Thousands of students had gathered to vent their rage. Marching, waving placards and shouting.
We’re standing here united as students; we’re not taking this any longer.
One of their leaders shouted at the nation.
The situation is not acceptable anymore.
Was this the ‘revolution’ Elaine Byrne wrote about recently?
Had the young people of Ireland finally woke up to the wholesale destruction caused to their country by corrupt politicians and bankers?
Had they woken up to the fact that corruption had destroyed any prospects for their future in their own country; that they and their children would be paying for the greed and corruption for generations to come?
Alas, no. The anger and fury was sparked because a dispute in the college was preventing the publication of some exam results (RTE News, 13th report).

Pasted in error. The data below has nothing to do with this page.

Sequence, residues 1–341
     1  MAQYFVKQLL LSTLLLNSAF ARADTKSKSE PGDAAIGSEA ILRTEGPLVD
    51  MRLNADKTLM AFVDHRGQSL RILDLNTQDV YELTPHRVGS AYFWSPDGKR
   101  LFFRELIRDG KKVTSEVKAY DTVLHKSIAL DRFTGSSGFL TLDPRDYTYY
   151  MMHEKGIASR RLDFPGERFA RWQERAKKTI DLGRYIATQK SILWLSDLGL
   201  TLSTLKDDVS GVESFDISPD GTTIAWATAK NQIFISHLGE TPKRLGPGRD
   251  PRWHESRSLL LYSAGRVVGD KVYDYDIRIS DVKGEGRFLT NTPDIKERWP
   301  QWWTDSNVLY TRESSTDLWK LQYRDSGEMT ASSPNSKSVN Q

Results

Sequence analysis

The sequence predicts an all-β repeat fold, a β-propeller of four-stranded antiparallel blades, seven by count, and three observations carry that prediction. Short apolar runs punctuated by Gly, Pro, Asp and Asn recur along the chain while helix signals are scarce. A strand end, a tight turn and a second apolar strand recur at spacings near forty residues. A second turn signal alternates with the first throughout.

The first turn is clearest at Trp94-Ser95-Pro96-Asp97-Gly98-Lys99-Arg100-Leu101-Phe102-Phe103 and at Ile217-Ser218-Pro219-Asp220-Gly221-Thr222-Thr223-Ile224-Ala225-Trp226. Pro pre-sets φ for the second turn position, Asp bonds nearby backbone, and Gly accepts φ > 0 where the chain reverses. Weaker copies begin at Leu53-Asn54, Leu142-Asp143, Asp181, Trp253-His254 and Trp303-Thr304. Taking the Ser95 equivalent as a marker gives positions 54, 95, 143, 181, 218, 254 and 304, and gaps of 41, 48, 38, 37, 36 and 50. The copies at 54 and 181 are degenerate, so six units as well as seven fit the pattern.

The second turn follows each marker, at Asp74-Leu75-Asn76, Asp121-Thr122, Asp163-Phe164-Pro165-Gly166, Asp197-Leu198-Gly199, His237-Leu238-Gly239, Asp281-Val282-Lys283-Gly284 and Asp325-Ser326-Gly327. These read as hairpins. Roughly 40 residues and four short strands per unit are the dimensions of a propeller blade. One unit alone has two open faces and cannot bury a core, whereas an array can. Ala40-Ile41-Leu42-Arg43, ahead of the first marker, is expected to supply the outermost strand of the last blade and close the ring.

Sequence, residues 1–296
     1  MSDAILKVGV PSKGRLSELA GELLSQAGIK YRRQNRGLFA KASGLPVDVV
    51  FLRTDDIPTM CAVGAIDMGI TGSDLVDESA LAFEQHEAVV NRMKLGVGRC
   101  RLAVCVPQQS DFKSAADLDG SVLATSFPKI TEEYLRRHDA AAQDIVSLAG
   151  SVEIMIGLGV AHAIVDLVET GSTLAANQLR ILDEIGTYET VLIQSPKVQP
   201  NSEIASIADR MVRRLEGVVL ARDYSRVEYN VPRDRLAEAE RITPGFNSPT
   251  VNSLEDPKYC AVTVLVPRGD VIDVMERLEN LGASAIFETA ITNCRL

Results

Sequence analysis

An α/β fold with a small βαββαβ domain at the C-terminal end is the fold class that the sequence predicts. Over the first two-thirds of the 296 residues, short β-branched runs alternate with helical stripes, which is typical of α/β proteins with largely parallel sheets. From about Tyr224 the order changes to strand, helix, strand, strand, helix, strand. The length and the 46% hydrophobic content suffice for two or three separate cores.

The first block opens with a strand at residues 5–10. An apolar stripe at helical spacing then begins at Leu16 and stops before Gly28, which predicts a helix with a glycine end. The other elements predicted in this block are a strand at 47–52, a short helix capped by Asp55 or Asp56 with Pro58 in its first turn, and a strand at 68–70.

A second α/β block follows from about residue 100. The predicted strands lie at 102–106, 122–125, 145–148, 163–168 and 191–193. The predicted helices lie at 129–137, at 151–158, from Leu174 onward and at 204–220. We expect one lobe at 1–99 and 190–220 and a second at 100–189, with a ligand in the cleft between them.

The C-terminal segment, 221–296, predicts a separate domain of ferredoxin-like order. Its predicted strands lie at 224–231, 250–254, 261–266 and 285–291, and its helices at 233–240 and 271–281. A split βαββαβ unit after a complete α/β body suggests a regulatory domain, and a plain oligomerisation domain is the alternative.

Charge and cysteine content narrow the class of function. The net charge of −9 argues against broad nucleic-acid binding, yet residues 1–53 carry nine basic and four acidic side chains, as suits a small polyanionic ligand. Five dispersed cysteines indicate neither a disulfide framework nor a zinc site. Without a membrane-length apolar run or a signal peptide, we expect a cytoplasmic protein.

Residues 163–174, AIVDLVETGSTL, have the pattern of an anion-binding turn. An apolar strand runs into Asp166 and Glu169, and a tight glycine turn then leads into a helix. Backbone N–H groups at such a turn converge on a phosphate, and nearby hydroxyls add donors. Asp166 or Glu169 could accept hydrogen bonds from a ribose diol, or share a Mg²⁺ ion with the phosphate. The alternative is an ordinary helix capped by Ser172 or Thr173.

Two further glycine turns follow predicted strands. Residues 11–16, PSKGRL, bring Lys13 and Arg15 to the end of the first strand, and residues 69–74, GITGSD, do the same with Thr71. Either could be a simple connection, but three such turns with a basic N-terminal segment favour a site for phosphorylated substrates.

Every day I check the headlines, beat the bushes, scan the horizon, waiting for the revolution but, to date, nothing. Not a sign of a ‘revolutionary’ student to be seen.
Vincent Browne was writing about student ‘action’ in the Sunday Business Post yesterday. A group of Trinity College students were invited to give their views on the constitution to the Oireachtas Committee on the Constitution.
Boring and entirely pointless writes Browne. He concluded that nothing can be done about the people who have destroyed our country until the next election.
We can see by this that Browne is just as ‘revolutionary’ as the young people of Ireland. Imagine the revolutionaries of 1916 saying.
The situation is intolerable but let’s waits for the next election and then we’ll show them what’s what.
Sadly, there’s not a revolutionary bone in the body of a single young Irish citizen and ‘revolution’ for most older citizens like Browne involves switching allegiance from one corrupt, ultra conservative party to a slightly less corrupt, ultra conservative party and five years later switching back again.